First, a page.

History of the Busker
You’re walking down the street, weaving between the sea of people, focused on getting to your destination when the sound of a steel pan interrupts your train of thoughts. You keep walking, listening to the talent of a street musician, reminiscing of when you heard the tuba player in Omaha, the saxophone player in Portland, the conga player in Caracas. Busking, or street performance, is the act of displaying artistic quality through actions in order to earn gratuities. Street performance is highly cultural, especially in the Caribbean islands, it comes with rewards and risks just as with other careers, and is an art that will adapt as technology pushes forward.
The steel pan is a unique instrument associated with Caribbean culture, and it all stemmed from slavery in Trinidad in the late 1700s. According to BBC News, French Planters arrived at this time with their slaves. When the slaves were brought to Trinidad, they lost all form of identity. They were taken away from their homes and culture, and had to start anew. The slaves formed a new culture through celebrations, fueled by drum music. After slaves were freed with the emancipation in 1834, the music got louder as celebrations grew, eventually getting banned by the British government. This ban on traditional drum music drove Trinidanians to invent the steel pan.
This unique instrument, created out of scraps of metal found on the street, came to be an identifying factor of island sound, and the world listened. In 1967, “Carrie Anne” by The Hollies featured a steel pan instrument and the instrument became widely accepted in pop culture. Its exotic sound is easily recognizable, and while a lot of musicians use it in their music today, it originates from an important purpose - giving slaves a cultural identity.
The culture of music in the Caribbean brought together a variety of peoples. Caribbean islands were primarily taken over by the French, Dutch, English, and Spanish. The diverse backgrounds brought forth a style of cuisine, unique dialects of language and more. Through music, these citizens of different backgrounds were able to communicate with each other, and the Caribbean culture was born.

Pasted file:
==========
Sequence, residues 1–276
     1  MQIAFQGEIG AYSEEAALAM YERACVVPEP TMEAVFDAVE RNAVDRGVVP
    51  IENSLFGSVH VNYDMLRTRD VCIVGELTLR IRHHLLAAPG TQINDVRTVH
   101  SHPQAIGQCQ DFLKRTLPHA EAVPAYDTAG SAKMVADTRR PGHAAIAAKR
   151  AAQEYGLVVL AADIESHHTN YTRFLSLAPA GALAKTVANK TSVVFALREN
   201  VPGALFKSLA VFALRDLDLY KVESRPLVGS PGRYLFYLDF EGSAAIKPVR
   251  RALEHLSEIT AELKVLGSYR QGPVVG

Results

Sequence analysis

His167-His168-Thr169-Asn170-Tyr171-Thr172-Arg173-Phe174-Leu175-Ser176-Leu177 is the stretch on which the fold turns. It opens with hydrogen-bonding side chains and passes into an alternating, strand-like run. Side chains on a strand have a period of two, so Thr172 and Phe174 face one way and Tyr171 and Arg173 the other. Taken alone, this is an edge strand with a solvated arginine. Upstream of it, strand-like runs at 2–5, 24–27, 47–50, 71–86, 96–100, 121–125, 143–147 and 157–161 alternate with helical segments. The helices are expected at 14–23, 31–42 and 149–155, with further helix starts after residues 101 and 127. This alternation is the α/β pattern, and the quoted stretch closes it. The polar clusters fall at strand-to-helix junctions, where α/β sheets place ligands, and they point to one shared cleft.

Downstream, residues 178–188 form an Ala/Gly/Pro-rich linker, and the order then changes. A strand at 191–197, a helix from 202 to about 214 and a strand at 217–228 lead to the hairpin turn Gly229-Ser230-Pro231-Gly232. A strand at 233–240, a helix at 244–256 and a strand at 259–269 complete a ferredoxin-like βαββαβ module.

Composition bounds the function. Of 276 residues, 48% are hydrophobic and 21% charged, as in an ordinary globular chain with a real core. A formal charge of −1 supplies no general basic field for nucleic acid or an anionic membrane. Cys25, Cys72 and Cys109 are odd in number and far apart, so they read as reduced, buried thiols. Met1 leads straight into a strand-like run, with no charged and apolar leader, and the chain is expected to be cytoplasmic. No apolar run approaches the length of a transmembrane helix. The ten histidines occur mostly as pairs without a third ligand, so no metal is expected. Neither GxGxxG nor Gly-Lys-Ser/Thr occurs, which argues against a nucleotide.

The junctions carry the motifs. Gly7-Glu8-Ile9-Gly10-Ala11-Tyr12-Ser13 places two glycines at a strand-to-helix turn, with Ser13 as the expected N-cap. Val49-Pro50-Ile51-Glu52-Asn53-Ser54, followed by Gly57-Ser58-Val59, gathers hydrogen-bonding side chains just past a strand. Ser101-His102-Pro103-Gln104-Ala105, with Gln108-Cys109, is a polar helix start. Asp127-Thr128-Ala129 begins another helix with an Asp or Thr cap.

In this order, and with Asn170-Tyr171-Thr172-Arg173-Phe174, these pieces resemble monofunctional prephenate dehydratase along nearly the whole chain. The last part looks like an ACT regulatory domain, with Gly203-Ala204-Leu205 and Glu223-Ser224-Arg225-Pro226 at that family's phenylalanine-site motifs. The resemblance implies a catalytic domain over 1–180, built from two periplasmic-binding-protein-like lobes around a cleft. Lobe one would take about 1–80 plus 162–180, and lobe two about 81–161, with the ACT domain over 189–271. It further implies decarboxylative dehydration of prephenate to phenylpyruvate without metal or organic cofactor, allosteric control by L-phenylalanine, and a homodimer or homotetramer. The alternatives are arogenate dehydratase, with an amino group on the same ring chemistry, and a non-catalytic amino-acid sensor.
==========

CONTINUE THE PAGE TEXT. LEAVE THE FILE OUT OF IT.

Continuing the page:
Due to the fact that the steel pan was founded through creative thinking in an impoverished community, street performance utilizing the instrument is also a form of tradition. Imagine the groups of slaves coming together, performing music on scraps of metal trash found around the plantation where they lived. It created a sense of community amongst the enslaved individuals, and because many of these individuals originated from Africa, you’ll find musicians to this day with this ethnic background performing steel pan music on the street in honor of their ancestors.
As mentioned previously, there was a ban on traditional drum music enforced in 1834 by the British government in Trinidad. Buskers still face a plethora of hardships practicing their craft, such as police obstruction, earning income, and gaining the attention of crowds hardwired to their devices. Since buskers play on the street, they are susceptible to noise complaints from neighbors and passersby. Once the police become involved in silencing the music, a busker is forced to stop performing. One can risk relocating and getting called on again, or he or she can call it quits for the day.
Obviously, one can conclude that this interferes with the buskers income. Without the interruption, buskers have a hard enough time getting coins and bills dropped into their cash holds. There is a general rule that few people follow: if you stop and listen to the music, you should pay. Instead, street performers find themselves playing for free to an audience because there is this idea embedded into our heads that they should find a “real” job where they make an hourly wage or salary. Let us think on that for a moment. We all pay for tickets to go see concerts, orchestras, symphonies, operas, the list goes on and on. We pay for entertainment every day, whether that’s for your data plan on your phone, Wifi, streaming, cable, so many other forms of entertainment we use every day. Surely we can afford to drop a dollar into the hat of a busker displaying his or her talents to us in public.
Technology is not an enemy of street artists. Many performers have found success through uploading videos and live feeds of their music and talents to display to the cyber connected world. There is this fear that everything tangible will disappear as digitalization continues to enhance and impede on different areas of our lives. We can also use it to bring attention to the tangible, to enhance the cultures and worlds around us.
Humans have an underlying appreciation for commodities that speak to our souls, including art, music, positive human interactions, animals, subjects which give us answers to our existence, and more. This fundament of human nature and universal culture will never disappear, but will rather adapt. Successful buskers will learn to adapt and use the web to captivate audiences, as well as continuing to perform in the streets, because let’s face it, we all stop to listen to the music.
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